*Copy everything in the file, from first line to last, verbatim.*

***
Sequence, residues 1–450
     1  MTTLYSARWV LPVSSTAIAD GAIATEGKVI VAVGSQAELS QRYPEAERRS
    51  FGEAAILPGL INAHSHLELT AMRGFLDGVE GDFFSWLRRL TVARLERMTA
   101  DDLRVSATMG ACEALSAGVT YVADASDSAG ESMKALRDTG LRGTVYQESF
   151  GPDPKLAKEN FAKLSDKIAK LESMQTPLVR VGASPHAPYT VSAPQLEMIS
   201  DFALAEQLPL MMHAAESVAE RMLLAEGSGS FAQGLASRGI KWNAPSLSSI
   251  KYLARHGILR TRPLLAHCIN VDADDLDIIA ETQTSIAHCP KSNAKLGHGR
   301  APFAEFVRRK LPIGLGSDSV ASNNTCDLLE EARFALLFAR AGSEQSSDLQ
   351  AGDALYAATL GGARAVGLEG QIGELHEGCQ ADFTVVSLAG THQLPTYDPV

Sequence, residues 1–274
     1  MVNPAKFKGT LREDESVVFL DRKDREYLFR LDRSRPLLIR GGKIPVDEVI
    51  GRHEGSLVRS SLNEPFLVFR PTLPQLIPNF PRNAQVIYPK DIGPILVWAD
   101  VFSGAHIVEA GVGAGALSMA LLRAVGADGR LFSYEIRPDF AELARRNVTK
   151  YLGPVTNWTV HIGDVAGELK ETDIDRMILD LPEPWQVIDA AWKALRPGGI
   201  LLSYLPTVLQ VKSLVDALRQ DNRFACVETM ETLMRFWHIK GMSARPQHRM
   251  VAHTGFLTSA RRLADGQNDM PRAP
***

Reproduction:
Sequence, residues 1–450
     1  MTTLYSARWV LPVSSTAIAD GAIATEGKVI VAVGSQAELS QRYPEAERRS
    51  FGEAAILPGL INAHSHLELT AMRGFLDGVE GDFFSWLRRL TVARLERMTA
   101  DDLRVSATMG ACEALSAGVT YVADASDSAG ESMKALRDTG LRGTVYQESF
   151  GPDPKLAKEN FAKLSDKIAK LESMQTPLVR VGASPHAPYT VSAPQLEMIS
   201  DFALAEQLPL MMHAAESVAE RMLLAEGSGS FAQGLASRGI KWNAPSLSSI
   251  KYLARHGILR TRPLLAHCIN VDADDLDIIA ETQTSIAHCP KSNAKLGHGR
   301  APFAEFVRRK LPIGLGSDSV ASNNTCDLLE EARFALLFAR AGSEQSSDLQ
   351  AGDALYAATL GGARAVGLEG QIGELHEGCQ ADFTVVSLAG THQLPTYDPV

Sequence, residues 1–274
     1  MVNPAKFKGT LREDESVVFL DRKDREYLFR LDRSRPLLIR GGKIPVDEVI
    51  GRHEGSLVRS SLNEPFLVFR PTLPQLIPNF PRNAQVIYPK DIGPILVWAD
   101  VFSGAHIVEA GVGAGALSMA LLRAVGADGR LFSYEIRPDF AELARRNVTK
   151  YLGPVTNWTV HIGDVAGELK ETDIDRMILD LPEPWQVIDA AWKALRPGGI
   201  LLSYLPTVLQ VKSLVDALRQ DNRFACVETM ETLMRFWHIK GMSARPQHRM
   251  VAHTGFLTSA RRLADGQNDM PRAP